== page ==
U.S. Senator Chuck Schumer is stepping into the debate over whether thousands of mostly lower-income homeowners will have to buy flood insurance. In Syracuse's Armory Square area this afternoon, Schumer said the mapping that includes new areas of Syracuse's southside, the Armory Square business district, and more of the town of Manlius is incorrect, and that with a comment period, the community could prove it.The Federal Emergency Management Agency's redrawing of flood-vulnerable maps would put 2,383 properties, mostly on Syracuse's poorer south side, into the pool that's required to buy flood insurance, which would cost an average $800 yearly. Businesses would pay even more. Tony Ortega, president of the Armory Square Association, says there's probably never been a time when the area's less flood prone, with all the retaining walls and other work going on along Onondaga Creek. Manlius Mayor Mark Paul Serafin says the work along Limestone Creek has also reduced flood dangers in some parts of his town, but homeowners there are being included in the mandatory insurance orders, too.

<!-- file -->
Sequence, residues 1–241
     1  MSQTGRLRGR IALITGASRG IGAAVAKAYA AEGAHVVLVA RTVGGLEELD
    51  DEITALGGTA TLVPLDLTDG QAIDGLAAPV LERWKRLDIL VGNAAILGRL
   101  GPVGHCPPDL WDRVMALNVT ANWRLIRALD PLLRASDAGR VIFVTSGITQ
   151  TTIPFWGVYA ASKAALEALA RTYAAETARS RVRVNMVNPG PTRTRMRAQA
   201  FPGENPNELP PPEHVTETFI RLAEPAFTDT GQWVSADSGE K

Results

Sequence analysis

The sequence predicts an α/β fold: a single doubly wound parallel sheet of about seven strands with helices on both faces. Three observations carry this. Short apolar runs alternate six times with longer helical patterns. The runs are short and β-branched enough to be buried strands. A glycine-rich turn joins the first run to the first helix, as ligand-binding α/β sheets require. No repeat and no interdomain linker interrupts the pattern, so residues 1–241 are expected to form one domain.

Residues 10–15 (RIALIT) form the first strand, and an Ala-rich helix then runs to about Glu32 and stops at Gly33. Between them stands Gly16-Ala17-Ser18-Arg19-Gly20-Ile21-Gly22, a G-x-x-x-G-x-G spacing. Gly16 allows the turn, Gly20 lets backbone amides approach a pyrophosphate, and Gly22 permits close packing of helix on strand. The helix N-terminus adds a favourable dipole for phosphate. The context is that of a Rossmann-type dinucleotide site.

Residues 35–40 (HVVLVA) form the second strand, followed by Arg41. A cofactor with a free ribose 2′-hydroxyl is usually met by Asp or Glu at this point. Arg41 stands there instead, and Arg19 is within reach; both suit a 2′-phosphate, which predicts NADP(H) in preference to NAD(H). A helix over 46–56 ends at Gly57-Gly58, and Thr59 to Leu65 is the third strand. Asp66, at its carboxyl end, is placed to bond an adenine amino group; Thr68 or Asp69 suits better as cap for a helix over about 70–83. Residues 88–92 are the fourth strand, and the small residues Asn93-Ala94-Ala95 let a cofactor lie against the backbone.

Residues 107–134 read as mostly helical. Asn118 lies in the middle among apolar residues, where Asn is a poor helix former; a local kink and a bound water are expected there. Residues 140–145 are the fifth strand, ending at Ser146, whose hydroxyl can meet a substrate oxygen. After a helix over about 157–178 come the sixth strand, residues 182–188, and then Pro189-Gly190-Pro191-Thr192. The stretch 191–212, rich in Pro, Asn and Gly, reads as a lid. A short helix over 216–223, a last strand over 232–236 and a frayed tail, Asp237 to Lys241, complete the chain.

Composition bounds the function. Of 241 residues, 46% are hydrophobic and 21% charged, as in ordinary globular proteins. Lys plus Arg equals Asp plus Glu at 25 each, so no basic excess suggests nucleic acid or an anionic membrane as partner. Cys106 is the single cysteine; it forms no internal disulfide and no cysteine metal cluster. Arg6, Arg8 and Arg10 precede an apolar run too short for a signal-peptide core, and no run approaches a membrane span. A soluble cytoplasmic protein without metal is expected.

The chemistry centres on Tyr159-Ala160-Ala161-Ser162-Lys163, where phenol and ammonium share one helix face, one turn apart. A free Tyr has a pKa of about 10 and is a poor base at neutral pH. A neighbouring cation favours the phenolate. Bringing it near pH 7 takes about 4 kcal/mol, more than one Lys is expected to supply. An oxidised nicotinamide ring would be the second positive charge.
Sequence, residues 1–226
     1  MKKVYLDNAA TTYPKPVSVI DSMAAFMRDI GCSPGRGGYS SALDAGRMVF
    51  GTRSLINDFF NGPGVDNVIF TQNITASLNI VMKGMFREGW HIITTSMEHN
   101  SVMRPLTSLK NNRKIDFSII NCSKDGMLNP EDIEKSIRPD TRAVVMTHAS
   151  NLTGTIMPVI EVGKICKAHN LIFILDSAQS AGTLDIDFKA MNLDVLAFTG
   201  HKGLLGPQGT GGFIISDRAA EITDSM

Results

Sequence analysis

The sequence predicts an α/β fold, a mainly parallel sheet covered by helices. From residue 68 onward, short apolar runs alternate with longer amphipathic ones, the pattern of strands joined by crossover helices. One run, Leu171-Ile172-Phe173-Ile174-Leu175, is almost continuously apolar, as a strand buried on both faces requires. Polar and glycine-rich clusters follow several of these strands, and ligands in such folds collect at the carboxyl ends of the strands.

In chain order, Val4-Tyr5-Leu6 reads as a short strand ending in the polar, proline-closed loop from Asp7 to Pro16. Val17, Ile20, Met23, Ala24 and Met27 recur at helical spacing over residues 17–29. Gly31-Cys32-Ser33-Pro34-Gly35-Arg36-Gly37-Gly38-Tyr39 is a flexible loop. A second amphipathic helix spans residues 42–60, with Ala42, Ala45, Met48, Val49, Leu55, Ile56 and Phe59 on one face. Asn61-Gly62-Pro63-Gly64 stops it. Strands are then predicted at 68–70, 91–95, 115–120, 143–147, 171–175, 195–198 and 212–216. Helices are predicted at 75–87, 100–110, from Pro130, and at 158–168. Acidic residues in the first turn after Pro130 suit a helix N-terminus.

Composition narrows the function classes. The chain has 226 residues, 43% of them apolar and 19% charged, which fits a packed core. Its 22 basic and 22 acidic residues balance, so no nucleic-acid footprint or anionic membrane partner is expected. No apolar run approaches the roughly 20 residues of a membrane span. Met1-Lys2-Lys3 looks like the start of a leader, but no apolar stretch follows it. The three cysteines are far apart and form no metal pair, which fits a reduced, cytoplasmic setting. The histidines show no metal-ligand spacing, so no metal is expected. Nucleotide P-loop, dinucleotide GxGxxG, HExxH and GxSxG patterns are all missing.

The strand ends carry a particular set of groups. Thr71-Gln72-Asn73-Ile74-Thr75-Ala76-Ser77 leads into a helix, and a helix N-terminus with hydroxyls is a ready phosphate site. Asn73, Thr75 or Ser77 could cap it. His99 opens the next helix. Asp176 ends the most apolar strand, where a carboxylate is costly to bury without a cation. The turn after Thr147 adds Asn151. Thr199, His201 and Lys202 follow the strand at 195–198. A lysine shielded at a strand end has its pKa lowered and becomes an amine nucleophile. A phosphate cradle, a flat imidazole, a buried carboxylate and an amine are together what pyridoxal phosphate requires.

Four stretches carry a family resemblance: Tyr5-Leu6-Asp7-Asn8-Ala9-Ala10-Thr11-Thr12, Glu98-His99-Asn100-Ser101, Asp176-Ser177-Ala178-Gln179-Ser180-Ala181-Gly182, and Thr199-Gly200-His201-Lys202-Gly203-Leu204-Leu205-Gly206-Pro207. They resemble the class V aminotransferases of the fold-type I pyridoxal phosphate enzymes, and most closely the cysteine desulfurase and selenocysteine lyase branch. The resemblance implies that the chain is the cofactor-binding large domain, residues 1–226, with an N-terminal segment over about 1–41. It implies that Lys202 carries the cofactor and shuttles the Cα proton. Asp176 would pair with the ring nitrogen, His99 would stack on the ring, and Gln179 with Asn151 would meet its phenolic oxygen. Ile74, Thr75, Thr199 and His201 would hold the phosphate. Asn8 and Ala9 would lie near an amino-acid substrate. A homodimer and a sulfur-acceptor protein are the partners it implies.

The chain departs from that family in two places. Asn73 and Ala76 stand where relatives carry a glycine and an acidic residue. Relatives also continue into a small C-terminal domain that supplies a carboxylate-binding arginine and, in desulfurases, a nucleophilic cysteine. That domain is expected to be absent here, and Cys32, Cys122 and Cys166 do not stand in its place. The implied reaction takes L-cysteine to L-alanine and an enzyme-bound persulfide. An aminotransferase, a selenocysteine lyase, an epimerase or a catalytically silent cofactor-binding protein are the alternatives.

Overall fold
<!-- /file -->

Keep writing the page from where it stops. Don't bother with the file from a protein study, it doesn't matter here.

Senator Schumer promises to get in touch with FEMA to ask that the comment process for the flood plain designation be re-opened. The original comment period closed on March 24th with few realizing that they were in the mandatory insurance area. Without the extension, Schumer says the appeal process would be much more expensive. Others at this afternoon's announcement, including Syracuse Mayor Stephanie Miner and representatives of Onondaga County, said they'd tried to call FEMA but have not gotten calls returned. Schumer says the maps were re-drawn inaccurately, and not just in Syracuse: he says he's fought the same issue for Buffalo and for Gates, near Rochester, and FEMA has made modifications. If there's no change, those in the floodplain designated area will start getting the mandatory flood insurance bills in the next six months.That would be an especial hardship to Syracuse's southside, where residents are among the area's poorest. Jubilee Homes has built over a hundred new homes in the area, which are now tagged for the insurance increase, and Walt Dixie says the owners just cannot afford it. Syracuse United Neighbors is not waiting for confirmation that the comment period is re-opening. It has a meeting on flood insurance planned for Thursday evening at 7, at Living Waters Church, on Huron Street at Bellevue.